Turmoil in sustainability of the food chain
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Turmoil in sustainability of the food chain

  • 04 May 2022

The World Bank warns that we are in for a long period of high food prices as a result of the war in Ukraine. After the peak in 2022, it will take years before the prices of grain, palm oil, energy and fertilisers return to normal. This will put pressure on the sustainability of the food chain, according to ABN AMRO.

The European Union (EU), the Dutch government and various food chains are making strong efforts to reduce the environmental footprint of the food chain: less use of coastal fertilisers and crop protection agents, less emissions into the environment and improved animal welfare. These are measures that lead to an increase in the cost price of food, while food has already become so expensive. Although buyers and supermarkets are trying to put up a stiff fight, prices in shops have risen sharply; in April 2022, the consumer price of food rose by no less than 7.2 percent, according to the CBS, and in the Eurozone the increase was 6.4 percent.

Consumer acceptance

ABN AMRO expects the voluntary measures already taken by farmers, producers and retailers to make the food chain more sustainable to be accepted less readily by consumers. Together with the sharp rise in energy and living costs, higher food prices are having a major impact on disposable income. Sales of products with hallmarks, like the development of other sustainable concepts, are likely to grow less quickly than under better circumstances. Research by GFK shows that the share of private labels has increased at the expense of A-brands and that consumers go to discount supermarkets more often. They pay more attention to price and prefer cheaper alternatives.

The so-called royal route to sustainability is therefore failing. Sustainability does not benefit from uncertainty and volatile markets because farmers are working against tight margins and the room to invest in sustainability is too limited without support from the entire chain, in this case from consumers. In addition, the availability of organic raw materials is decreasing.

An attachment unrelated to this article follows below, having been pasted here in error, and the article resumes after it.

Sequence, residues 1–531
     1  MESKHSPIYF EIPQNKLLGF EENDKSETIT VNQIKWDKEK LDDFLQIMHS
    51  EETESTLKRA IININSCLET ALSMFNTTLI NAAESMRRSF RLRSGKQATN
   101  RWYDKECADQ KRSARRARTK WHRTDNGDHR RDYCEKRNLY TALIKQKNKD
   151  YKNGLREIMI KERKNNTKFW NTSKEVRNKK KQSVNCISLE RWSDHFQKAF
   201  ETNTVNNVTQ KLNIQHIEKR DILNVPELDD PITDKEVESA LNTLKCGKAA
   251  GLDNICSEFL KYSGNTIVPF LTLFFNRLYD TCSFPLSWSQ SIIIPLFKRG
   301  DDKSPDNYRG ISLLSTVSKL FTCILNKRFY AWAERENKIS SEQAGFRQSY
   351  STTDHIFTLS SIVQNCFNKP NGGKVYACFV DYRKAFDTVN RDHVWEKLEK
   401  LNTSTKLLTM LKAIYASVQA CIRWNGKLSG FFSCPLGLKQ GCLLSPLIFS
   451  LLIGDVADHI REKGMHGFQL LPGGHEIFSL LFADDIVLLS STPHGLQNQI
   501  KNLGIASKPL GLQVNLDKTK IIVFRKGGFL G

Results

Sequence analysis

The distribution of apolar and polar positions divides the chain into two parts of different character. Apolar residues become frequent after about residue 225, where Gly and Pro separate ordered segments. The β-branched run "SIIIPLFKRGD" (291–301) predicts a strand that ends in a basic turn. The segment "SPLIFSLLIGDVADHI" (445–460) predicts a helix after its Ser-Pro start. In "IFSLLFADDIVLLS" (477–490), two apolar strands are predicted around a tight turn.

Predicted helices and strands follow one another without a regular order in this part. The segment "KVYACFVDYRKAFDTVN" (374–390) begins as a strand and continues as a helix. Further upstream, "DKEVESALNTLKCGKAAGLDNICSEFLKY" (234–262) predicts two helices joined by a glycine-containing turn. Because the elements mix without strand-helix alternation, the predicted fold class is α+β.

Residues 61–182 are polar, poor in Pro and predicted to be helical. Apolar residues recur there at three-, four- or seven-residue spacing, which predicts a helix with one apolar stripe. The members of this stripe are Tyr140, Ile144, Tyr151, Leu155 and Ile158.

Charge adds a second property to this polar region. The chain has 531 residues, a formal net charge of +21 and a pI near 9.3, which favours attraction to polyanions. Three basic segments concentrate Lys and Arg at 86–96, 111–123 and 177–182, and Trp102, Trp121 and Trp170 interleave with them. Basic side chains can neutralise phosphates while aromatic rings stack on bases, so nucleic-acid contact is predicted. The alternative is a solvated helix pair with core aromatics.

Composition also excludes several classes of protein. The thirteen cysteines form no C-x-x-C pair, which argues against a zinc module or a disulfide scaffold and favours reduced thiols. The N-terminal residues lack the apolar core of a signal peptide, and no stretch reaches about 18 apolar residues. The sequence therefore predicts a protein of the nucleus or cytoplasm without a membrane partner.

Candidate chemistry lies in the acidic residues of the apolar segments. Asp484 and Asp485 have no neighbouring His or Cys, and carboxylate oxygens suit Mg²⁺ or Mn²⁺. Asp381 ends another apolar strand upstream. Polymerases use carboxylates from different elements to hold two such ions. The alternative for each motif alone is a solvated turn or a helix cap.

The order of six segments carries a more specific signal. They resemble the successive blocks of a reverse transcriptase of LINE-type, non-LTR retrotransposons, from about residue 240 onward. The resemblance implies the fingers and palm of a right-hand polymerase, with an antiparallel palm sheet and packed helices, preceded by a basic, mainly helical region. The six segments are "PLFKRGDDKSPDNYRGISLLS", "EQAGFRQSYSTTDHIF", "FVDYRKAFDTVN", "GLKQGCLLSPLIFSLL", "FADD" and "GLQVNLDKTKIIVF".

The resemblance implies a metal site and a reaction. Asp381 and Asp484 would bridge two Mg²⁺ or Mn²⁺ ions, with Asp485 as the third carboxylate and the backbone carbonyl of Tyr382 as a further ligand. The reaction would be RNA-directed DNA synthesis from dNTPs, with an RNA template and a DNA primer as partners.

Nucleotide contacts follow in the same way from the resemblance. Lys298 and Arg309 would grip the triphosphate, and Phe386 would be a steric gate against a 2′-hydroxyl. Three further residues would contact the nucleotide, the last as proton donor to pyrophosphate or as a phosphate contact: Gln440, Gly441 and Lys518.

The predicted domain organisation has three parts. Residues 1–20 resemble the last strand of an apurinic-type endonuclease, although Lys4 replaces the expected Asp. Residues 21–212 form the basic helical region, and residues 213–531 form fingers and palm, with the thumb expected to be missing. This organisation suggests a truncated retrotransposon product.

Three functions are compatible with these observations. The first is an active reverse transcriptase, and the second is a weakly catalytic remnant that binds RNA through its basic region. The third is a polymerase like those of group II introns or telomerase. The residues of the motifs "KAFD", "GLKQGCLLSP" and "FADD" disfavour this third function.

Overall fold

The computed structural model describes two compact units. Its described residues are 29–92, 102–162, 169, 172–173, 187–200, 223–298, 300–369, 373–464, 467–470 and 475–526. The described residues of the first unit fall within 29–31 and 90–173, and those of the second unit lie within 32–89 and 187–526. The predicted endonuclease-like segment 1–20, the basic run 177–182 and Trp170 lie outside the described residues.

Government ambitions

Despite everything, the government's ambitions remain focused on making the food sector more sustainable. Both EU and Dutch policy are strongly focused on sustainability. The dependence of the European livestock sector on protein imports increases the focus on Europe's own protein supply. The dependence on Russian gas increases the urgency of the envisaged energy transition. And the high prices for artificial fertiliser stimulate the use of manure products from the livestock sector. Finally, Europe is raising its ambitions for the production of green gas in order to reduce its dependence on imports, thus offering opportunities for the livestock sector. These are all developments that will in fact accelerate the process of sustainability.

ABN AMRO expects the road to sustainability to be bumpy because of higher food prices, but unstoppable. Consumers will be less receptive to additional price rises that are undeniably linked to sustainability, but the government and society at large are expected to stick to their intended targets.


Source: ABN AMRO